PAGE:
Most pharmacies can take e-prescriptions as e-prescribers jump nearly eightfold, study finds
PLAINSBORO, N.J. — More than half of prescribers are writing prescriptions electronically, according to a new study.
The study, conducted by researchers at the Washington-based Office of the National Coordinator for Health IT, published in The American Journal of Managed Care, found that e-prescribers have increased nearly eightfold since four years ago. The jump was attributed to provisions in the 2009 economic stimulus bill that provided incentives for Medicare prescribers to use electronic prescribing. In numerical terms, that means the share of doctors, nurse practitioners and physician assistants using e-prescriptions increased from 7% to 54%, or 47,000 to 398,000.
Meanwhile, 43,000 pharmacies were able to accept electronic prescriptions at the start of the study, a figure that increased to 59,000 by December 2012. In 2009, 61% of rural pharmacies could take e-prescriptions, compared with 75%, but the gap closed last year, as the percentage of rural and urban pharmacies taking e-prescriptions increased to 93% and 94%, respectively.
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GreenLight Rx introduces easy-to-open medicine vials
SANTA ANA, Calif. — GreenLight Rx is offering a line of medicine bottles aimed at elderly people and those suffering from such conditions as arthritis, the company said.
The Santa Ana, Calif.-based manufacturer said it was working with retail pharmacies to help bring easy-to-open medicine containers to the public, particularly the EZ-pop, which comes in a variety of sizes and colors and is designed to make it easier to quickly and accurately identify medicines. According to a study by the Aging Research Center, 14.6% of older adults have difficulty opening plastic flip-top medicine bottles, and 66.3% have at least one limitation of capacity related to taking medicine.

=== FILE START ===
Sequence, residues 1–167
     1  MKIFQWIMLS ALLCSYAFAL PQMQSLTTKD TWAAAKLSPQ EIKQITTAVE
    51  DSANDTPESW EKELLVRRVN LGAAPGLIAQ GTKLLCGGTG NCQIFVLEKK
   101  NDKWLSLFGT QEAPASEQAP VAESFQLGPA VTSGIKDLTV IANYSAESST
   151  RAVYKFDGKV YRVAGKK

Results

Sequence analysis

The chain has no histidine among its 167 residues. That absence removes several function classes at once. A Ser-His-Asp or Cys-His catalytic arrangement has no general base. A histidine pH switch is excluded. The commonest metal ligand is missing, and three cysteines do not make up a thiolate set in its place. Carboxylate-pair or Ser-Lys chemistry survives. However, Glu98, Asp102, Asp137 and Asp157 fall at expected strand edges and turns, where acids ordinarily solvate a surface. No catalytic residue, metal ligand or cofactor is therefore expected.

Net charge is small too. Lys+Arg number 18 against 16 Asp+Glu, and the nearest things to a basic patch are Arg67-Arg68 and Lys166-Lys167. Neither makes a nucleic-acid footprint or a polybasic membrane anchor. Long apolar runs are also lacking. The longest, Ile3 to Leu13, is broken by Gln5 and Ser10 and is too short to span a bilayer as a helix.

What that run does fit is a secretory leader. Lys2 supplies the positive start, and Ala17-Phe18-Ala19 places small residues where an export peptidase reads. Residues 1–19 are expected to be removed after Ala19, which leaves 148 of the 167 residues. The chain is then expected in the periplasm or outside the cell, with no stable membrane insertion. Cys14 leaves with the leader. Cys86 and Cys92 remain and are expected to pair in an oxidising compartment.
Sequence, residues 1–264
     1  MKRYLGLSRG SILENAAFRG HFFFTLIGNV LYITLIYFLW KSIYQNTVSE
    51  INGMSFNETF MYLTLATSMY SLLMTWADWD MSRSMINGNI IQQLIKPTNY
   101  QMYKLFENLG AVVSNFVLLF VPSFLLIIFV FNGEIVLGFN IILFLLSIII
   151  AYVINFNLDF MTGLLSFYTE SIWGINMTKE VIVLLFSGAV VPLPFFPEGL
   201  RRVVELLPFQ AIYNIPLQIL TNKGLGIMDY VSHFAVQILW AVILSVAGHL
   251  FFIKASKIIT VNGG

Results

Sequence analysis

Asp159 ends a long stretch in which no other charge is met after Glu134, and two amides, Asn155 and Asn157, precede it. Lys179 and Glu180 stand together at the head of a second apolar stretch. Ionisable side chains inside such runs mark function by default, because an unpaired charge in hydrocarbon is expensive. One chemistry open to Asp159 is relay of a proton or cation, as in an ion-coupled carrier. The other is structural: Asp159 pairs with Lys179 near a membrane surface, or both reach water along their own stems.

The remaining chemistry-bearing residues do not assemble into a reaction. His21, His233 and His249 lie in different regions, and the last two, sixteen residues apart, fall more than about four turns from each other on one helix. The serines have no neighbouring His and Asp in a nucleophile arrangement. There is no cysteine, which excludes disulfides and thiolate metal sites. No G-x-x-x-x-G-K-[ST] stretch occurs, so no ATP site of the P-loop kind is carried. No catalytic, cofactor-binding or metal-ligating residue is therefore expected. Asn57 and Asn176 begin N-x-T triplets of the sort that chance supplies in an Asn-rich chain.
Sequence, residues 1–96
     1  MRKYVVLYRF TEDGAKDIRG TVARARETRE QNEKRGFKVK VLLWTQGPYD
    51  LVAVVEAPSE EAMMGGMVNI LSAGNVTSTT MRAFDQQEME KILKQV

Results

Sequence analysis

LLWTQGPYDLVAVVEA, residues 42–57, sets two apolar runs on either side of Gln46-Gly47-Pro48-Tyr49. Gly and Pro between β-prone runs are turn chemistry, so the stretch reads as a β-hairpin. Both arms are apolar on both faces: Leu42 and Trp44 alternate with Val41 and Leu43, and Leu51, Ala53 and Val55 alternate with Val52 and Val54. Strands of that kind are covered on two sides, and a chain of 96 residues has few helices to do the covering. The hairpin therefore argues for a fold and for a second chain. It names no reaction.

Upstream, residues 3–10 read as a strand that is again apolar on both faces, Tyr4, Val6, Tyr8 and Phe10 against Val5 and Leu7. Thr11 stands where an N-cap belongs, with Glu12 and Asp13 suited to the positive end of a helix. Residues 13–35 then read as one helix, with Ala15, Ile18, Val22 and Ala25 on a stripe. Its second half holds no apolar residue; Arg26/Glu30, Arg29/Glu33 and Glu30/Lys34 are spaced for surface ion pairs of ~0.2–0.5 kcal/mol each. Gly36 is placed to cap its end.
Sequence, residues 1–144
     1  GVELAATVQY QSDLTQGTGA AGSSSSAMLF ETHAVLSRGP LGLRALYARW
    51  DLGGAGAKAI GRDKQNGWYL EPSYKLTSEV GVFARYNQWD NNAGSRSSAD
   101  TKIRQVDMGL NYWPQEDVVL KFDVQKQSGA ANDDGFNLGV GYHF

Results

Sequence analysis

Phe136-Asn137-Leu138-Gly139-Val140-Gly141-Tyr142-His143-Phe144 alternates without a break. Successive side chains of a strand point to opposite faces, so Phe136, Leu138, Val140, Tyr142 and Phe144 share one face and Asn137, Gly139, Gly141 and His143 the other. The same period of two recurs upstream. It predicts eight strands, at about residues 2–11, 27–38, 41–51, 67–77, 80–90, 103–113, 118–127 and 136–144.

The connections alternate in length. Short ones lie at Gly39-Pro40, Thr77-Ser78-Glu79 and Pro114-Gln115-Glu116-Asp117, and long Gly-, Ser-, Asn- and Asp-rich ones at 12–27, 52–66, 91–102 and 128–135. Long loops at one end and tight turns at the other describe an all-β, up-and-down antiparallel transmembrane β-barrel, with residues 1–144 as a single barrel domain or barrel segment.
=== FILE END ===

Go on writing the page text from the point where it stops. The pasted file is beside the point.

"We have a growing population of older adults [who] find it difficult to open traditional prescription medicine containers," GreenLight Rx SVP John Kovacevich said. "Men and women with arthritis are also frustrated with their medicine vials and bottles, which are not only challenging, but can also cause great discomfort. We are working with major retail pharmacies to bring our EZ-pop containers to the public to help increase the ease of accessing medicines for millions of people."
It should be noted that most of the existing bottles used by pharmacies are indicated as child resistant closures and that patients typically can request non CRC caps that are easier to deal with but in most cases this must be a patient request.
Americans more likely than others to prefer generics, study finds
RHINEBECK, N.Y. — Consumers in the United States are more likely than those in three other countries to say they prefer to receive generic drugs over branded drugs, according to a new study.
The study, by Phoenix Marketing International, included 810 consumers from the United States, Canada, the United Kingdom and France. Among respondents, 37% of American consumers expressed a preference for generics when they were available, compared with 22% of those in France, 12% in the United Kingdom and 21% in Canada.
Meanwhile, 29% of the French said the quality of generics was not as high as branded drugs, compared with 14% of Americans and 11% of Britons and Canadians. Seven percent of Americans said they would feel uncomfortable taking a generic drug for a serious illness, compared with 16% of French, 21% of Britons and 13% of Canadians. Americans were also most likely to say they had no concerns about taking generic drugs.
But despite concerns about generics among French consumers, generic use in France was the highest, with 73% saying they had taken a generic drug in the past two years, compared with 70% of Americans, 54% of Canadians and 36% of Britons.
Source: Phoenix Marketing International
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